Senate Rejects Bill Seeking Special Grants For Lagos | Independent Newspapers Limited
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Senate Rejects Bill Seeking Special Grants For Lagos

Nigeria senate, JAMB
Posted: Oct 6, 2016 at 4:40 am   /   by   /   comments (0)



Rotimi Akinwumi


Abuja – A bill seeking special grants for the development of Lagos State openly divided senators on Wednesday leading to a rowdy session in the upper legislative chamber.

The bill sponsored by Senator Oluremi Tinubu (Lagos Central/APC) was eventually killed by lawmakers.

The bill titled ‘A Bill for an Act to make provisions for federal grants to Lagos State in recognition of its strategic socio-economic significance’ sought specifically to ensure the setting aside of one percent of the country’s annual revenue for Lagos State for developmental purposes.

In her lead debate, Tinubu submitted that the grants would be used in meeting the public infrastructural needs of Lagos State.

The proposal, according to the Bill, allows the grants payable to be determined by the president and commander-in-chief on the recommendation of the governor of Lagos State with the proviso that not less than 1 percent of the share of the revenue accruing to the Federal Government would be given to the state.

She explained that as the economic nerve centre of Nigeria, the grant would be used in improving rail infrastructure, decongest roads and promotion of conducive social economic environment for federal institutions as well as increase the state’s capacity to continue to play host to international events in the state.

The bill also seeks to establish a joint committee to host both the president and the governor of Lagos State on an annual basis.

“Lagos is of strategic, social economic significance as the commercial nerve centre of Nigeria. Today, Lagos serves as the commercial capital of Nigeria.

“The strategic importance of Lagos State is inherent in several sectors of the economy”, Tinubu noted.

She said statistics indicated that six out of 10 international passengers arrived in Lagos while eight out of 10 departed from Lagos.

“Lagos is home to the major ports that served Nigeria. It accounts for over 90 percent of all maritime exports.

“The state delivers much of the funds and charges that go into the coffers of the Federal Government. It is incontrovertible that Lagos State generates much of Nigeria’s income outside its oil sector.

“According to FIRS report in 2008, 86.2 percent company income taxes were collected in Lagos, including 56.7 percent value added tax.

“As a city which caters for the welfare of residents and visitors, Lagos is placed under a huge strain that affects its infrastructure and has welfare implications for residents and transient citizens of other states in Nigeria.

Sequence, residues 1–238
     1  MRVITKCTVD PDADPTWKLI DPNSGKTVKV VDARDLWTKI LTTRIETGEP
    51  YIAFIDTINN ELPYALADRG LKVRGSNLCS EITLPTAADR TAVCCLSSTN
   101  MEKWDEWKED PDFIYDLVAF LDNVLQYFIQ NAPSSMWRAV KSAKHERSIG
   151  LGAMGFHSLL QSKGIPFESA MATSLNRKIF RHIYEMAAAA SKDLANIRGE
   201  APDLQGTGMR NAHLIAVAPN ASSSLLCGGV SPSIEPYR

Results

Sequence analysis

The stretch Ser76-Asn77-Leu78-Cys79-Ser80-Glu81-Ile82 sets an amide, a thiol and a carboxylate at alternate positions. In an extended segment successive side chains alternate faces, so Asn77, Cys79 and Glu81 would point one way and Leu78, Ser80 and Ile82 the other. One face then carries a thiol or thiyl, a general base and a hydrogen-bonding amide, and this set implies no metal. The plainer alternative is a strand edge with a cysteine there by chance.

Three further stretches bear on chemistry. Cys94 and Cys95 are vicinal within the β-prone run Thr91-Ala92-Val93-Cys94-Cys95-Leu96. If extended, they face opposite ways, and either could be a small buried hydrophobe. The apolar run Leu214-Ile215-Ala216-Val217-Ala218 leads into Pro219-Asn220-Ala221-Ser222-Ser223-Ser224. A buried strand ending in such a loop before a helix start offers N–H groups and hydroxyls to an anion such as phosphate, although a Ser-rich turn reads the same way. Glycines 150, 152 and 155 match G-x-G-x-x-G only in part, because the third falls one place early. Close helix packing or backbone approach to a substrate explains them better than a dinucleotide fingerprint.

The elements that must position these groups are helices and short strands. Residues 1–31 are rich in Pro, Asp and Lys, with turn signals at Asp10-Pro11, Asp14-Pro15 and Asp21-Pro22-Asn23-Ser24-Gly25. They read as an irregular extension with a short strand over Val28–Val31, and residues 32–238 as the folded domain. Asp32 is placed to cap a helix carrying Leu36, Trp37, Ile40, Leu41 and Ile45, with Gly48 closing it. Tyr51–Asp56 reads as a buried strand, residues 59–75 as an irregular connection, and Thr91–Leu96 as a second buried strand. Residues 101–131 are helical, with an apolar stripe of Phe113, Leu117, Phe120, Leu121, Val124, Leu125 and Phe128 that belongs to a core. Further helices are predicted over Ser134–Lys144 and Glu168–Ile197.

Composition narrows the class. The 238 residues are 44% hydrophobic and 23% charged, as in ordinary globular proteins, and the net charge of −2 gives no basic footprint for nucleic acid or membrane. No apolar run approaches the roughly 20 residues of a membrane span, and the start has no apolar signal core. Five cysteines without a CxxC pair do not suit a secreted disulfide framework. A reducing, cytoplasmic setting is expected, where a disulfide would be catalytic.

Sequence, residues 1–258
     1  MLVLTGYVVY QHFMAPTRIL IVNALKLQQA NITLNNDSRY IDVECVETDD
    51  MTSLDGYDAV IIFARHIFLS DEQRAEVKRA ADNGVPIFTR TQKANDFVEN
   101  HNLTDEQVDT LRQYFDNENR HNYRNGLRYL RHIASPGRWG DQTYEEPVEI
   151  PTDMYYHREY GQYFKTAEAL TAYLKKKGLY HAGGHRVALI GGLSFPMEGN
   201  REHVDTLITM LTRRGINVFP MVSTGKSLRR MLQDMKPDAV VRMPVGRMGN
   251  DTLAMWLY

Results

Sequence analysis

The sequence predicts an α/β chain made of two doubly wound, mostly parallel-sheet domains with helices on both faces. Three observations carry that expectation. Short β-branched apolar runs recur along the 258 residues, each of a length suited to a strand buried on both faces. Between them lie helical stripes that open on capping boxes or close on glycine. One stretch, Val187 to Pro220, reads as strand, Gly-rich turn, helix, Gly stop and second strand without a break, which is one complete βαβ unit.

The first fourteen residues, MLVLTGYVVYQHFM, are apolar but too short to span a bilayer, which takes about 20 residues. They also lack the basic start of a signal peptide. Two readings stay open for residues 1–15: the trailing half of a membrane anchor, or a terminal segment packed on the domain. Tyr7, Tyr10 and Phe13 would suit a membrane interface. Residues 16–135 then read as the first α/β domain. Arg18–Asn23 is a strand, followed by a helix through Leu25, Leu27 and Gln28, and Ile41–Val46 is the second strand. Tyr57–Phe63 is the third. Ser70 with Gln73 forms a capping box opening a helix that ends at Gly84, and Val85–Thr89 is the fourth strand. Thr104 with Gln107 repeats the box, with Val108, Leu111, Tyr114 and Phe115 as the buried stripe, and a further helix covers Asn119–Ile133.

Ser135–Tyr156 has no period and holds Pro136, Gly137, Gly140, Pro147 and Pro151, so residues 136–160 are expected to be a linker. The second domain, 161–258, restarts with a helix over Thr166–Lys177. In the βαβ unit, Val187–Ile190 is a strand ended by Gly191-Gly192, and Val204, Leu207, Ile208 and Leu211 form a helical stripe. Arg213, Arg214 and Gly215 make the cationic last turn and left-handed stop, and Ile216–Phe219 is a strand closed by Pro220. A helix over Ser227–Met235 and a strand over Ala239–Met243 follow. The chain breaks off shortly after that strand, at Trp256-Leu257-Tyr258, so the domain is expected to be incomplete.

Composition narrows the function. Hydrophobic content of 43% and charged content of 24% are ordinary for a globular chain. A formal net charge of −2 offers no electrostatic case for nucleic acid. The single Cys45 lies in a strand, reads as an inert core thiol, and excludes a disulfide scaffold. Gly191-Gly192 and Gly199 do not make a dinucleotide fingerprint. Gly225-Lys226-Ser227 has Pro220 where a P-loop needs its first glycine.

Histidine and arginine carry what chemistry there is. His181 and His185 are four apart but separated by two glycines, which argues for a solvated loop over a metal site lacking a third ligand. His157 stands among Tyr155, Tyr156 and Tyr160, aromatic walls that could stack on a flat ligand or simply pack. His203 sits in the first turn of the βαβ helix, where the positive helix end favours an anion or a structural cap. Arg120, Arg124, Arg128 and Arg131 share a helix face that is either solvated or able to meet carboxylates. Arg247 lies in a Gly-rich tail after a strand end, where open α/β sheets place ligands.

“This grant will be utilised in meeting the public infrastructural need of Lagos State, including rail infrastructure to decongest the roads”, she added.

However, opposition to the bill was strong as lawmakers led by James Manager and Abdullahi Adamu stood on provisions of the constitution by citing Section 164 (1) of the 1999 constitution (as amended) in kicking against the bill.

Both senators noted that the bill and its intendment was good but said their opposition was on the grounds that it ran against the letters of the constitution.

Opposition by Senator Phillip Aduda and Gershom Bassey from FCT and Cross River, respectively, was based on ethnic sentiment as both insisted that should Lagos get the special treatment sought then such should be extended to FCT and Calabar as well.

Attempts by Senator Adeola Olamilekan from Lagos West senatorial district to explain the importance of the bill to the lawmakers did not yield any positive result.

His argument that every tribe and race in Nigeria is represented in Lagos, and as such, that Lagos is a “mini-Nigeria” did not sway the lawmakers.

However, the plenary became rowdy after the Senate Chief Whip, Sola Adeyeye from Osun State, who spoke strongly in favour of the bill expressed the need that 13 percent of the total money realised from Value Added Tax (VAT) be given to Lagos State just the way oil producing states get 13 percent derivation from oil sales.

He, however, irked senators after he described the Federal Capital Territory (FCT) as a “rotten pampered child” which had been enjoying too much attention even without contributing to the general purse.

“Until we have fiscal federalism, Lagos will not work, Calabar will not work, the FCT will not work. By the way, the FCT is a rotten pampered child”, he said.

He, however, retracted the words when the lawmakers raised their voices against him.

Despite his apologies for the comment, the bill was rejected after the Deputy Senate President Ike Ekweremadu put the question to voice vote three times and it was unanimously rejected.

It took the intervention of Ekweremadu who stood up from his seat calling for calm for more than five minutes before normalcy returned.

Other bills that passed first reading include National Archives Act (Amendment) Bill, Rights and Obligations under Tenancy Agreements (Regulations) for the Recovery of Premises in the Federal Capital Territory Bill, Code of Conduct Bureau and Tribunal Act (Amendment) Bill, Animal Health and Husbandry Technologies Bill and Federal Capital Territory Water Board Bill.